In response to:

Damn It All from the December 20, 2018 issue

To the Editors:

Stephen Greenblatt [“Damn It All,” NYR, December 20, 2018] contrasts to ill effect Catholic punishment in the afterlife with that of what he alleges is the rabbinic version. According to him, “For the ancient rabbis” the opposite of heaven “was not a place of torture; it was more like a state of depression.” How benign. The truth is something else, however. The Babylonian Talmud has the destroyer of the Jerusalem Temple, Roman general Titus, burned to ashes, reconstituted, and burned again, forever. The ancient rabbis place Jesus in a cauldron boiling with hot excrement for eternity (BT Gittin 57a). Not a place of torture?

Michael Hoffman
Coeur d’Alene, Idaho

Stephen Greenblatt replies:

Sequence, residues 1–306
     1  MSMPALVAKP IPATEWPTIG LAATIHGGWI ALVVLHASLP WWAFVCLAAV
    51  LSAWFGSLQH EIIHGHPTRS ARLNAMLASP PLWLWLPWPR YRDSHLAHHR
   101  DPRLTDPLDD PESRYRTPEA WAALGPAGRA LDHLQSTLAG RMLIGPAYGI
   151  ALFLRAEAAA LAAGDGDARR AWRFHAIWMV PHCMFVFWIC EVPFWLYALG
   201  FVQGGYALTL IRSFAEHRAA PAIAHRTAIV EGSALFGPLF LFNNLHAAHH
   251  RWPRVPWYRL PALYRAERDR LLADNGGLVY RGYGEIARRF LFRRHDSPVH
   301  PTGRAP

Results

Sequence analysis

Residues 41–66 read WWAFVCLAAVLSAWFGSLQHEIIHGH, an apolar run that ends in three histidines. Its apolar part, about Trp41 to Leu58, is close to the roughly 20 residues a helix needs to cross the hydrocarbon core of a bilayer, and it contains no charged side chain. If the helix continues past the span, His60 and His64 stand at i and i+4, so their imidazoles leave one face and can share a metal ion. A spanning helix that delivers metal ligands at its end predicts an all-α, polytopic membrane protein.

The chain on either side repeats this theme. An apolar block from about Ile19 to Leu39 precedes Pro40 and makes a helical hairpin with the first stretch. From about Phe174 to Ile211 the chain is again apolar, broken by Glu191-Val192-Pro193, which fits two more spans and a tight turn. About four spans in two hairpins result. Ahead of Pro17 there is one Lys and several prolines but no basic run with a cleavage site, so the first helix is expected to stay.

In their complex, rich textual tradition, the Jews, like the Christians and the Muslims, speak with many voices, and it is always possible to find contradictions to almost any claim made about them. But in the Hebrew Bible Sheol, often translated as “hell,” simply refers to the grave, the melancholy destination, as Job makes clear, for both the righteous and the unrighteous. I see no evidence that Rabbinic Judaism developed anything like the vast, elaborately detailed subterranean torture chamber so graphically depicted in The Penguin Book of Hell. The Jews had many worries, but the prospect of going to hell does not seem to have figured prominently among them.